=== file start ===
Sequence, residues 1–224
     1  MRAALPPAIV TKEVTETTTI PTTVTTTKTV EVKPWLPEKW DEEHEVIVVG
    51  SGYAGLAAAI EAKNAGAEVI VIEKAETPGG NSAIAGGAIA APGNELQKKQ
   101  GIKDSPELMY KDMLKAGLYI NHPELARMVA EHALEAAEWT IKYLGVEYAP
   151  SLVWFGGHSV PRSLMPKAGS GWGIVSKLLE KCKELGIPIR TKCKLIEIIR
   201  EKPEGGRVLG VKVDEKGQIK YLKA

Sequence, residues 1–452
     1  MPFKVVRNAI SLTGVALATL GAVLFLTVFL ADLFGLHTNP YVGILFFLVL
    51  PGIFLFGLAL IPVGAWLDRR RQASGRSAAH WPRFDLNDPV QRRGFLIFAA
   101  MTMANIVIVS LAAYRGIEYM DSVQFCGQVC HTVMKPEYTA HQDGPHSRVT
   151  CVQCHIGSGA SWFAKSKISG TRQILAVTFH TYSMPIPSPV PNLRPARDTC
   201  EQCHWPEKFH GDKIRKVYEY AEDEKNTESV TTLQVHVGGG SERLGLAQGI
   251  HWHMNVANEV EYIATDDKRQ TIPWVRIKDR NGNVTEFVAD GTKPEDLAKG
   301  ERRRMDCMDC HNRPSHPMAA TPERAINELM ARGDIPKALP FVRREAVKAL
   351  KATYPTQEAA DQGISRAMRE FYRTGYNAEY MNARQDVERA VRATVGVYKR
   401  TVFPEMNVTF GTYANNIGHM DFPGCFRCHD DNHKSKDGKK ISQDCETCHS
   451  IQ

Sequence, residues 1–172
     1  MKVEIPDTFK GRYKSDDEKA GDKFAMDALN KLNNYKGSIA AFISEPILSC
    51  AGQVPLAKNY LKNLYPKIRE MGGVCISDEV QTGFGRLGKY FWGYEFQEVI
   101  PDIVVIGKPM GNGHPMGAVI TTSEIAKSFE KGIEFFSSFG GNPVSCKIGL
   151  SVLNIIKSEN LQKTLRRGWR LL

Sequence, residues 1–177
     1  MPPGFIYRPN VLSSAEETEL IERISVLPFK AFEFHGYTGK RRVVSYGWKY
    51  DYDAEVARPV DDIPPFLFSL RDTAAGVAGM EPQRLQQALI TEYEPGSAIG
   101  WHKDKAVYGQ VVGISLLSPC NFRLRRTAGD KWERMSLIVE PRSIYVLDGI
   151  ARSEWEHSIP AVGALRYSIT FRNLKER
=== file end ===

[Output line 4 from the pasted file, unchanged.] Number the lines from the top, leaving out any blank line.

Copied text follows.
   101  GIKDSPELMY KDMLKAGLYI NHPELARMVA EHALEAAEWT IKYLGVEYAP